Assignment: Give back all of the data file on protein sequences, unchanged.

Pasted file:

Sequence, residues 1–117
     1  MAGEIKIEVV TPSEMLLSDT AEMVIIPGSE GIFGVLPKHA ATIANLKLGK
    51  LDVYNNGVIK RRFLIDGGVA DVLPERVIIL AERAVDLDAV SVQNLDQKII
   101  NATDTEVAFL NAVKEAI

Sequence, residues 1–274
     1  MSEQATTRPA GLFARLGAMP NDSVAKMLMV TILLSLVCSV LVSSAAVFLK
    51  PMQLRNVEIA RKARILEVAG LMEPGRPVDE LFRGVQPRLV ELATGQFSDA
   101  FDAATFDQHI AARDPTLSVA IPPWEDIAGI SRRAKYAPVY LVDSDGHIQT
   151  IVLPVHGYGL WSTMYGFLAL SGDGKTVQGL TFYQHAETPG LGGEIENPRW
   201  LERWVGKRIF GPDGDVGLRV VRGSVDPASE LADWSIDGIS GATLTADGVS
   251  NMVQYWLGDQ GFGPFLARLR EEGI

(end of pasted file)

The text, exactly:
Sequence, residues 1–117
     1  MAGEIKIEVV TPSEMLLSDT AEMVIIPGSE GIFGVLPKHA ATIANLKLGK
    51  LDVYNNGVIK RRFLIDGGVA DVLPERVIIL AERAVDLDAV SVQNLDQKII
   101  NATDTEVAFL NAVKEAI

Sequence, residues 1–274
     1  MSEQATTRPA GLFARLGAMP NDSVAKMLMV TILLSLVCSV LVSSAAVFLK
    51  PMQLRNVEIA RKARILEVAG LMEPGRPVDE LFRGVQPRLV ELATGQFSDA
   101  FDAATFDQHI AARDPTLSVA IPPWEDIAGI SRRAKYAPVY LVDSDGHIQT
   151  IVLPVHGYGL WSTMYGFLAL SGDGKTVQGL TFYQHAETPG LGGEIENPRW
   201  LERWVGKRIF GPDGDVGLRV VRGSVDPASE LADWSIDGIS GATLTADGVS
   251  NMVQYWLGDQ GFGPFLARLR EEGI